Sunday, December 30, 2012

Current Reading on Development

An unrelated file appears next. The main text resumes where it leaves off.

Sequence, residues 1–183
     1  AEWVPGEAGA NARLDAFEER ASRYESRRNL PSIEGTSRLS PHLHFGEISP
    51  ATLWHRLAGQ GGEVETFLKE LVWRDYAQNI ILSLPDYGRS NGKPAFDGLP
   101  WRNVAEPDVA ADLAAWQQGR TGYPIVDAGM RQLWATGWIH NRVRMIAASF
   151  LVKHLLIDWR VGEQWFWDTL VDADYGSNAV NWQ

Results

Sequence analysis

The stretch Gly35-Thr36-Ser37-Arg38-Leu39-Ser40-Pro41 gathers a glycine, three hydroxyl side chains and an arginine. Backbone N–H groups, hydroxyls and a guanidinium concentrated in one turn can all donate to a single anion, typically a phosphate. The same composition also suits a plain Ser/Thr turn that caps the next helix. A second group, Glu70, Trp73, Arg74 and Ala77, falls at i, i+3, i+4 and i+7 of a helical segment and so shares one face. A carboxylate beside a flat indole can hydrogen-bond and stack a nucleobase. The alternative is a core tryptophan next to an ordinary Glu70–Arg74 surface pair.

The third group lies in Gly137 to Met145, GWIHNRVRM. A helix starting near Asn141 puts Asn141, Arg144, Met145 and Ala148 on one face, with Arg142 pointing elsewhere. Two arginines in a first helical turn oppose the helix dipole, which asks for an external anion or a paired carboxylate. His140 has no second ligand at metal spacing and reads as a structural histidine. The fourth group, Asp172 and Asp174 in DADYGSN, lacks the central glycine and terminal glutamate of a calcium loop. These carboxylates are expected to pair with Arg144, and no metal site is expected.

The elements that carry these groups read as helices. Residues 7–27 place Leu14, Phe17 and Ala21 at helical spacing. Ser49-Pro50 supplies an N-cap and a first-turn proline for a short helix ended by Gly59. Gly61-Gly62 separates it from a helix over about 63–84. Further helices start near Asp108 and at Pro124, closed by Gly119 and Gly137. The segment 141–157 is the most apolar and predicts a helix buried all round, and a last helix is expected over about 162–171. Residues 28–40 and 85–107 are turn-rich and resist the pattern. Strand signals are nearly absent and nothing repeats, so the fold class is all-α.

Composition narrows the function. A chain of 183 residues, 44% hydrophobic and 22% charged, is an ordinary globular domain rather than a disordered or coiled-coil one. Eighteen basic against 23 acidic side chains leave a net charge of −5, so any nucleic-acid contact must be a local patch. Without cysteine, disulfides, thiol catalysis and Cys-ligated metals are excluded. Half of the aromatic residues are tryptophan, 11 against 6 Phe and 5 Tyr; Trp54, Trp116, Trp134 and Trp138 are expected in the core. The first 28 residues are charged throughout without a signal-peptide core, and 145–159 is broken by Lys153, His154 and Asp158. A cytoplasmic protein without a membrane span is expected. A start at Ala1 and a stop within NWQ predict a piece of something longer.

I am currently reading Gilbert Rist, The History of Development: From Western Origins to Global Faith (London: Zed, 2008 [1996]). One thing I notice that he brings out is just how blind many western intellectuals were to human rights violations by socialist states during the 1960s and 1970s. For instance he notes, "A blind eye was turned to the brutalities of the Chinese regime, and the people's communes were hailed in their vitality as a reconciliation of theory and practice that was abolishing the petty-bourgeois mentality and putting into practice a new model of 'development.'" (p. 140).  He further elaborates on this embrace of Castro, Mao's Cultural Revolution, North Vietnam, the Sandinistas, and even the Khmer Rouge by left wing western intellectuals on pages 174 to 176. Now there were plenty of dictatorships supported by the US government during the Cold War such as Suharto, Mobuto, and the various military juntas in Latin America. But, there was never any intellectual cheer leaders for these regimes stressing their commitment to creating a utopia. US policy supported these regimes as a matter of rather openly naked national self interest. It was the left that dressed up things like the Cultural Revolution in China in the lofty language of "progress" and opposing the "evils" of capitalism and imperialism.

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